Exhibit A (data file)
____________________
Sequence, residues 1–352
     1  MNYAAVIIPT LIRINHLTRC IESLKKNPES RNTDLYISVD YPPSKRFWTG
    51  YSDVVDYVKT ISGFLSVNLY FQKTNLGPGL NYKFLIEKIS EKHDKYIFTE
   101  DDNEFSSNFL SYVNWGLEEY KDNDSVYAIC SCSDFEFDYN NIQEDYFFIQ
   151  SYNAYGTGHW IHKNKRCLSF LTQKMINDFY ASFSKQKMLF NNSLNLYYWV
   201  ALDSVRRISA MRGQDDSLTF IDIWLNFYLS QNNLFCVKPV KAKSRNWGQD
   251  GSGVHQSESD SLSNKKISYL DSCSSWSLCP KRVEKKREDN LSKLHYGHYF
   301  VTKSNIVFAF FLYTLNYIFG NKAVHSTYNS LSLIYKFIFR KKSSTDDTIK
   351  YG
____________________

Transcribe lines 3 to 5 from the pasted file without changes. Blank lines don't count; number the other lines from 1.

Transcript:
    51  YSDVVDYVKT ISGFLSVNLY FQKTNLGPGL NYKFLIEKIS EKHDKYIFTE
   101  DDNEFSSNFL SYVNWGLEEY KDNDSVYAIC SCSDFEFDYN NIQEDYFFIQ
   151  SYNAYGTGHW IHKNKRCLSF LTQKMINDFY ASFSKQKMLF NNSLNLYYWV